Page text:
The Monroe hop is grown in Germany, one of the oldest hop growing regions in the world. The country is known for its low-yielding aroma hops. Germany accounts for 60% of the hop production in Europe, and also accounts for one third of the world’s overall acreage. Hallertau is Germany’s largest growing region and has been producing hops since the early date of 736.
The historical Barth-Haas Group has hop trading history that dates back to 1794. The Schlafly team has been sourcing hops from Barth-Haas since 1998 starting with the German and U.K. hops, which soon led to great American and Australian hops as well. The Monroe hop came about through a casual phone call when they gave us a lead on this new hop.
Head of Brewing Operations, Emily Parker, reflects on finding out about the Monroe hop: “The nice thing about having a long-standing relationship with one of the oldest hop supplier groups, is that you can find out about new hops just by picking up the phone. When we wanted to find some new hops out of Germany, I knew just whom to call.”
Hops (humulus lupulus) grow from a large climbing vine, that usually hangs from a trellis or support wire. In the best climates and conditions, hop vines can grow almost 25 feet in one season. The hop cone itself is actually the flower of the plant. Hop cones grow only on female plants, while the males are used only for creating hybrids. These cones are where the lupulin glands are located. The lupulin glands give the hops their different aromas and flavor profiles.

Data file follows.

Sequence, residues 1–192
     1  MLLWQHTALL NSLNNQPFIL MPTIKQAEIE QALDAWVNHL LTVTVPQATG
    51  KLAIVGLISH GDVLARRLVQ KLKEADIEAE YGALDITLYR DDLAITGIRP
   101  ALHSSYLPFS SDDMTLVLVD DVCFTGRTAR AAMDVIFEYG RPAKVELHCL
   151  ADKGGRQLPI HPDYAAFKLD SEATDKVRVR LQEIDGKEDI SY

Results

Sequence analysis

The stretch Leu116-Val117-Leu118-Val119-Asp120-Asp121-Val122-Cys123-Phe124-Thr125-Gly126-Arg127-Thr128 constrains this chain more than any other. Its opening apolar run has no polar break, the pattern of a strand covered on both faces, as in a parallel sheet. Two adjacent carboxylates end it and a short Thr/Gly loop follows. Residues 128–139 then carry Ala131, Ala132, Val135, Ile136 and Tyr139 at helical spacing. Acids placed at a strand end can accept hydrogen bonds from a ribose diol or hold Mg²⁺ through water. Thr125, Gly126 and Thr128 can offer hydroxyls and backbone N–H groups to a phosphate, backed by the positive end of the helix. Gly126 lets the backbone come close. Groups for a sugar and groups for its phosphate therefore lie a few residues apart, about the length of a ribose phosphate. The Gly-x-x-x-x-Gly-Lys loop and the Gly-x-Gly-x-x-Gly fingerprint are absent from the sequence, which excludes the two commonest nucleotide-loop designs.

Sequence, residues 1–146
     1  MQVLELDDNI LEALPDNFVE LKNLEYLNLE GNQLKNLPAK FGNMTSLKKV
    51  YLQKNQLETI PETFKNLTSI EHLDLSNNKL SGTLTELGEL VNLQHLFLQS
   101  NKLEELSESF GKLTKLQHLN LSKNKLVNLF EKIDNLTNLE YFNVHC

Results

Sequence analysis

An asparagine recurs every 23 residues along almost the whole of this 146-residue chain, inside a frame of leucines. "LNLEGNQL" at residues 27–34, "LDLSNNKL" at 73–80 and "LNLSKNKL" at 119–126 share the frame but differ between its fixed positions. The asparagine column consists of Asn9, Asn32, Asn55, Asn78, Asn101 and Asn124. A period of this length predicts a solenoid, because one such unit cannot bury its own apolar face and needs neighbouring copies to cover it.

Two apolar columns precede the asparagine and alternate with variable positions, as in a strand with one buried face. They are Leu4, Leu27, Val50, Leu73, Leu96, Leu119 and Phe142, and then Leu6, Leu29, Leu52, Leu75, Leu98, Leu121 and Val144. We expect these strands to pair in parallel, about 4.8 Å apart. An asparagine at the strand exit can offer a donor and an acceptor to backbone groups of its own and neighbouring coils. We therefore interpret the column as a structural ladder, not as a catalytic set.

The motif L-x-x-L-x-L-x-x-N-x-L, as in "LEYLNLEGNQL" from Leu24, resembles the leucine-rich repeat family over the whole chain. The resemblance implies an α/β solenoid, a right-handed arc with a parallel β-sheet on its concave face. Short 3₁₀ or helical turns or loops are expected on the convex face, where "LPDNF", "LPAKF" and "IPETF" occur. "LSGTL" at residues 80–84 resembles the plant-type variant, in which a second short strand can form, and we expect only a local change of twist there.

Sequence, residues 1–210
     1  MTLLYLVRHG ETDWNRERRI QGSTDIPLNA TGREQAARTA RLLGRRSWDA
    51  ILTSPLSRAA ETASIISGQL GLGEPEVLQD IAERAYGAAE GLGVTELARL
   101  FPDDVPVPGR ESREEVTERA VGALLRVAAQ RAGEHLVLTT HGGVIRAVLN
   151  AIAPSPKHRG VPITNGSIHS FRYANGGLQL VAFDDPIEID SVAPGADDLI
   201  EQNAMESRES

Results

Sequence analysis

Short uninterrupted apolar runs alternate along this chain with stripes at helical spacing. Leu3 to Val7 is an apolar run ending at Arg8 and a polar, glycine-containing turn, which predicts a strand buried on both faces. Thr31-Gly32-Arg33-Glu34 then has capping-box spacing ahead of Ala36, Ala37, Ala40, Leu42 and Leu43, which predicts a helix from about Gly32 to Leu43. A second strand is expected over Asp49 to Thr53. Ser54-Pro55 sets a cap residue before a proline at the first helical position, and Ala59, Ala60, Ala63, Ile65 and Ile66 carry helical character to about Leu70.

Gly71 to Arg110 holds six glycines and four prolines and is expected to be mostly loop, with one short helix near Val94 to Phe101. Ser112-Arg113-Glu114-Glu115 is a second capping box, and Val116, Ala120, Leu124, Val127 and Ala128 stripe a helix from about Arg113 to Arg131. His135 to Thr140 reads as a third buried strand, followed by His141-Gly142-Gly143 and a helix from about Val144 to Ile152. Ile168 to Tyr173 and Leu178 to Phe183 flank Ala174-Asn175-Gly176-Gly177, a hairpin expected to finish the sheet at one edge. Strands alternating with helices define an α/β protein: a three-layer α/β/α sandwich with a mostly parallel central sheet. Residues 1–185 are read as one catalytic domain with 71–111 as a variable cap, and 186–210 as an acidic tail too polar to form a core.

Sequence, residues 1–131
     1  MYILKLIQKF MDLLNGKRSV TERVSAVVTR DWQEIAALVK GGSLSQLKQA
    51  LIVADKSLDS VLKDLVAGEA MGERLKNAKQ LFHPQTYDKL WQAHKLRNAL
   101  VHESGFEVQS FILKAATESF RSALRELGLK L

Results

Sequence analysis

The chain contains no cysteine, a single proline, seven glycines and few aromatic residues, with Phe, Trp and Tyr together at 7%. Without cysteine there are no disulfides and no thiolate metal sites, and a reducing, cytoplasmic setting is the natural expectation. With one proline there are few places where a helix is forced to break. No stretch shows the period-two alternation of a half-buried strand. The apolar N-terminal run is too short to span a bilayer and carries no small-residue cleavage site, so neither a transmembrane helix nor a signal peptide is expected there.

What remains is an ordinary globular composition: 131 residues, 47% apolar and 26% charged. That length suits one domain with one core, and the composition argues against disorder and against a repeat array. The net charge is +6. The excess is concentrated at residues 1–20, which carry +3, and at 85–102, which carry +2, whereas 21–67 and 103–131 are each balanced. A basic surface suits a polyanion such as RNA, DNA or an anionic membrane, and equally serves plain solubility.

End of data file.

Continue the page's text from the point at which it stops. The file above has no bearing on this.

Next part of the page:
The Monroe came from a wild U.S. variety. After some tweaks, the Monroe came about. With a low alpha-acid content of only two and a half percent, this hop presents itself at the beginning as mild and smooth. It’s a short to medium length hop with pillow-like petals. Cherries stand out in flavor, and the aroma has notes of raspberry and orange.
Being based in the Midwest, Schlafly’s relationship with farmers is natural, yet unique in the craft beer industry. We work directly with those that grow our ingredients. Due to these relationships, Schlafly is often asked by the hop growers to provide feedback about how the hop performs in the brewing process. They want to learn what aromas are released, what flavors develop as the hop is boiled.
As this became a repeated request, Schlafly has developed a standard approach to trialing hops. We brew what is called a SMaSH, or Single Malt and Single Hop beer. The only variable in the brew is changing out one sole ingredient, the hop. The same amount of hops are used in each brew (32lbs), these are added at the same time (beginning of the boil) and the same malt is used. This allows us to isolate the changes to the beer in from the hop. Thus, a Hop Trial.